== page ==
Some things are American by tradition and others by birth. For example, apple pie and hot dogs may seem as American as baseball but in fact they did not originate from our great land. Harley Davidson and Bourbon on the other hand are born and bred right here in the good ole USA. In fact bourbon is the only liquor that by law has to be made right here in the states. Most people think of Kentucky when they think of bourbon but I’m here to tell you that Texas is bourbon country. It has that cowboy appeal. If it’s good enough for J.R. Ewing, then it’s good enough for me.
In 2007, Garrison Brothers Distillery was the very first bourbon maker in our great state and they have set the standard for bourbon makers everywhere. Virtually all of the ingredients of their sweet mash bourbon is raised in the Lone Star State. The only part not from Texas is the barley that is obtained from the northwest U.S. or Canada since the climate here is not the best for growing this grain.
My wife, Amie and I drove down to their distillery in the Texas hill country (Hye, TX) last weekend to pick up some of their used bourbon barrels and they were kind enough to give us a tour of their operation. They are open for “Sit and Sip” tours to the public most of the year with a few days closed for holiday and other events. Check their website – www.garrisonbros.com.
When you get there you’ll get the opportunity to see how they make their Texas Bourbon starting with a 75% corn mash in the cookhouse. The mash is then pumped over to the stillhouse where the white dog is made. Dan Garrison was kind enough to take a break from signing and numbering each bottle of the Cowboy Bourbon (ready for packaging the day we arrived) and gave us the low-down on how he started the distillery after a trip to the Kentucky Bourbon Trail. The Copper Cowgirl still, originally built for Wild Turkey is one of several stills now in operation.
From the stillhouse the white dog is poured in to new white American oak barrels. This is where the magic happens. It becomes bourbon. By law it can only be aged in new charred American white oak barrels. As the bourbon works its way in and out of the charred oak it brings with it the color, vanilla, butterscotch and caramel flavors that give it that distinct taste. They have a secret here in Texas that can’t be duplicated in Kentucky. With the Texas heat speeding up the aging process, Garrison Brothers have the upperhand over the “good ole boys” in Kentucky. Aging their Texas bourbon for about 2 years here and it would take them the equivalent of 5 years in Kentucky. Not to mention they age in 15 and 30 gallon barrels instead of 53 gallon which age at a much faster rate too.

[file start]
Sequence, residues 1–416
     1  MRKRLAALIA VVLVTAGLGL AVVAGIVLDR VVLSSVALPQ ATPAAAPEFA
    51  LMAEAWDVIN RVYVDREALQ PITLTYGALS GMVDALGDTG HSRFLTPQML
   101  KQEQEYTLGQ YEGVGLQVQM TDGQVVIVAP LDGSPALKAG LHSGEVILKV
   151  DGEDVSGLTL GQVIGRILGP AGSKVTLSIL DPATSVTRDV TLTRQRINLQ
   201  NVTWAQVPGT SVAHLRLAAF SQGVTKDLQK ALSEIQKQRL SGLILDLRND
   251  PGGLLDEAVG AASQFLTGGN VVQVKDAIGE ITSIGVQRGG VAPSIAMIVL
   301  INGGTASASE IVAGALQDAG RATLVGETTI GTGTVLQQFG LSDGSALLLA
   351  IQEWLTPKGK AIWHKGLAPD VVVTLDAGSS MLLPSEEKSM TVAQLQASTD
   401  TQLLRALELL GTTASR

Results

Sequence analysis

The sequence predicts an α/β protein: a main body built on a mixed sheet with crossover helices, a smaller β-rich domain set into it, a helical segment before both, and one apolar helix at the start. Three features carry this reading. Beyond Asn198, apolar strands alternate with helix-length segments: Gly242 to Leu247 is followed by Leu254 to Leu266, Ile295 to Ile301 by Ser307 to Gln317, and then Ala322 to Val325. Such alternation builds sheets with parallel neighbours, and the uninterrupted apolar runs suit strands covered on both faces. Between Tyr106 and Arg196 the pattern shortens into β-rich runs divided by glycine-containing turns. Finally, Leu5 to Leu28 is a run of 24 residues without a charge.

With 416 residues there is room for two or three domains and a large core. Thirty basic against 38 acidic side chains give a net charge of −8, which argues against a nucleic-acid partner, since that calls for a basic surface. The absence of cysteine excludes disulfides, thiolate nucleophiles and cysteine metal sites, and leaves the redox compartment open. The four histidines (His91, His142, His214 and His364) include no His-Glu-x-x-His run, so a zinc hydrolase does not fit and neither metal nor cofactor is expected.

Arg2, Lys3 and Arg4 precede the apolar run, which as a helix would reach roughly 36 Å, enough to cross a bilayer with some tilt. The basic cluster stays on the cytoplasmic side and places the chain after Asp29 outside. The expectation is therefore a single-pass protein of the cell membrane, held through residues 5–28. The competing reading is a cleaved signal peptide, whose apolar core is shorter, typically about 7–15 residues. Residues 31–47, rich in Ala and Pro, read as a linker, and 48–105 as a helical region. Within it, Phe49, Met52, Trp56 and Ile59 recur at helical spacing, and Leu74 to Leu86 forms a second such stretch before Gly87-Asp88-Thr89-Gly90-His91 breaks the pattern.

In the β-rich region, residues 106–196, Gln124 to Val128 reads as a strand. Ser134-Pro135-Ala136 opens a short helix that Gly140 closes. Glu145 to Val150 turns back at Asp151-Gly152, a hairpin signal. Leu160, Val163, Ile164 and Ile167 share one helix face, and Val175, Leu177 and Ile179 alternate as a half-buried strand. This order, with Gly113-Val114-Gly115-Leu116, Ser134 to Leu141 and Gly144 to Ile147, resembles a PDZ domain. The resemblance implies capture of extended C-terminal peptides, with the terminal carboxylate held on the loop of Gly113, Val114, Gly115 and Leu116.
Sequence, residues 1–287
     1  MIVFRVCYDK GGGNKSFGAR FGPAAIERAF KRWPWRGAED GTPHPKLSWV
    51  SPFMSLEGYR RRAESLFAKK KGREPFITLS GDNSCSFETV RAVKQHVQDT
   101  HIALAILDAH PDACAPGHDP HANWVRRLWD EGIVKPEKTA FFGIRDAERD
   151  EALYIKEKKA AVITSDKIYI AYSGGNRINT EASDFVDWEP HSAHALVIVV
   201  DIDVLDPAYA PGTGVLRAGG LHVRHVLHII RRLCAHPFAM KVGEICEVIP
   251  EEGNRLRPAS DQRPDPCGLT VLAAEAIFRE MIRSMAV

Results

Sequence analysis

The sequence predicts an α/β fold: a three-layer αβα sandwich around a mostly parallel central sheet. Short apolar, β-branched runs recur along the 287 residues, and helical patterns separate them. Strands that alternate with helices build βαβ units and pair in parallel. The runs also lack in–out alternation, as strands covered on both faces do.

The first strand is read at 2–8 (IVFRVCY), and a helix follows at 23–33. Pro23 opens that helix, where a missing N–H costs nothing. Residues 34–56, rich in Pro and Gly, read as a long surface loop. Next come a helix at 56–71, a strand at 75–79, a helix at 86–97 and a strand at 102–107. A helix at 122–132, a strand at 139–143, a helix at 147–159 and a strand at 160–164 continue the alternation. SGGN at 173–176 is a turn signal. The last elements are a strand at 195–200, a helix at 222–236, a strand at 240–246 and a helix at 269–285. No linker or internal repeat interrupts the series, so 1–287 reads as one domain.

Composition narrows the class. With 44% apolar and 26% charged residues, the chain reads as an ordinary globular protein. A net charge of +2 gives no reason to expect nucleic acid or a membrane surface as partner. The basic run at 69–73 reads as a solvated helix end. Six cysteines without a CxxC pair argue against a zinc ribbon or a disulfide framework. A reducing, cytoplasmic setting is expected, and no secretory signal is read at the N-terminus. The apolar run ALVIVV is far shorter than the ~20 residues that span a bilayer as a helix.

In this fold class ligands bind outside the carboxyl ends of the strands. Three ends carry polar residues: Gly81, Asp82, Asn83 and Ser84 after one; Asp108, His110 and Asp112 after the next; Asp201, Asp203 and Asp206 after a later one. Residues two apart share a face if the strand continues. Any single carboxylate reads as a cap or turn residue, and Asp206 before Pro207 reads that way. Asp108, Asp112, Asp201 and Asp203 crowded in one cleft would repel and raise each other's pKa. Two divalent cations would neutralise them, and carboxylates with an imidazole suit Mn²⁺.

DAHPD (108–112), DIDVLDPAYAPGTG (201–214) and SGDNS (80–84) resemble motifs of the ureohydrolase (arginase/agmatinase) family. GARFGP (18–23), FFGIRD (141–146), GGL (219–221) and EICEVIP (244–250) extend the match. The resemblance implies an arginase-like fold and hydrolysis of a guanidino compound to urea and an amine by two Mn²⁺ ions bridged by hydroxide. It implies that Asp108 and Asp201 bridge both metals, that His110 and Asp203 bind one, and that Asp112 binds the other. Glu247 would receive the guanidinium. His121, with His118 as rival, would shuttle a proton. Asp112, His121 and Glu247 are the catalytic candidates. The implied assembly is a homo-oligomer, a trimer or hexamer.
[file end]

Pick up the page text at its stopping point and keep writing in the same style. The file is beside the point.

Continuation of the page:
When it comes to flavor there is not much of a comparison. There is something about the small distillery handmade craft that brings out the flavors with a bit more distinction. Garrison Distilleries does most everything by hand. I think the bottle washer is about the only automated piece of equipment we saw. I was curious how he gets all volunteers to help bottle and package the delicious Texas bourbon each day. That is until I realized that they get the pleasure of performing some extra “quality control” duties as well, with occasional shots. Sign me up Dan!
Bourbon can average in price anywhere from about $20 – $200 a fifth. Most of the mass produced bourbon (i.e. Maker’s Mark, Jim Beam, etc) is closer to the $20 per bottle range. Although Garrison’s Bourbon will set you back about $70-$90 (depending on the the state) it is well worth the flavor of a $200 bottle of bourbon. If you are looking for a bottle of “just any whiskey will do” then Garrison is not your drink. If you want to take the time to sip and really appreciate the individual notes of a bourbon that was made with the care and attention it deserves, then this one is for you. You don’t have to be a Texan to enjoy it either. Garrison Bourbon is now available in Arizona, California, Colorado, Connecticut, Florida, Illinois, Indiana, Kentucky, Louisiana, Massachusetts, Maryland, New York, Tennessee and Washington DC.
You may also notice, if you try more than one bottle that each release is a bit different. Dan loves to tweak things a bit by changing one thing or another just to make each season’s vintage unique. If you get the chance to visit the Texas hill country, just west of Austin and east of Fredericksburg, there is a small town of about 100 called Hye. Stop in and take a tour and tell them Steve from Red Head Barrels sent you. Cheers!